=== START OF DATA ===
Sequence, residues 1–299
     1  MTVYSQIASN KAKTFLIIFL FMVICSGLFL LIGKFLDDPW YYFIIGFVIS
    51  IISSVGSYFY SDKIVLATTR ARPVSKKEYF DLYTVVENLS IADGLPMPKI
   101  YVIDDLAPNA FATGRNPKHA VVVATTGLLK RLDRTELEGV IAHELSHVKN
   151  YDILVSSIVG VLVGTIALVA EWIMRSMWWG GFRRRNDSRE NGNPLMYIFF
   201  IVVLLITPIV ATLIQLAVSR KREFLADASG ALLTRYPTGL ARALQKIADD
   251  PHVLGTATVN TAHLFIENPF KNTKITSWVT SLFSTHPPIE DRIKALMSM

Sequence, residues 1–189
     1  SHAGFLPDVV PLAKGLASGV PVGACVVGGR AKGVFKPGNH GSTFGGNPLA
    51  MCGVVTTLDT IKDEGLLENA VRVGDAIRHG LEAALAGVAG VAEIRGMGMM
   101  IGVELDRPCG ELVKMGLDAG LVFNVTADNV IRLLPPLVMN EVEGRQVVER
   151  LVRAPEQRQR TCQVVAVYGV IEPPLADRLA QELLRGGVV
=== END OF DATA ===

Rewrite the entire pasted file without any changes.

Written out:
Sequence, residues 1–299
     1  MTVYSQIASN KAKTFLIIFL FMVICSGLFL LIGKFLDDPW YYFIIGFVIS
    51  IISSVGSYFY SDKIVLATTR ARPVSKKEYF DLYTVVENLS IADGLPMPKI
   101  YVIDDLAPNA FATGRNPKHA VVVATTGLLK RLDRTELEGV IAHELSHVKN
   151  YDILVSSIVG VLVGTIALVA EWIMRSMWWG GFRRRNDSRE NGNPLMYIFF
   201  IVVLLITPIV ATLIQLAVSR KREFLADASG ALLTRYPTGL ARALQKIADD
   251  PHVLGTATVN TAHLFIENPF KNTKITSWVT SLFSTHPPIE DRIKALMSM

Sequence, residues 1–189
     1  SHAGFLPDVV PLAKGLASGV PVGACVVGGR AKGVFKPGNH GSTFGGNPLA
    51  MCGVVTTLDT IKDEGLLENA VRVGDAIRHG LEAALAGVAG VAEIRGMGMM
   101  IGVELDRPCG ELVKMGLDAG LVFNVTADNV IRLLPPLVMN EVEGRQVVER
   151  LVRAPEQRQR TCQVVAVYGV IEPPLADRLA QELLRGGVV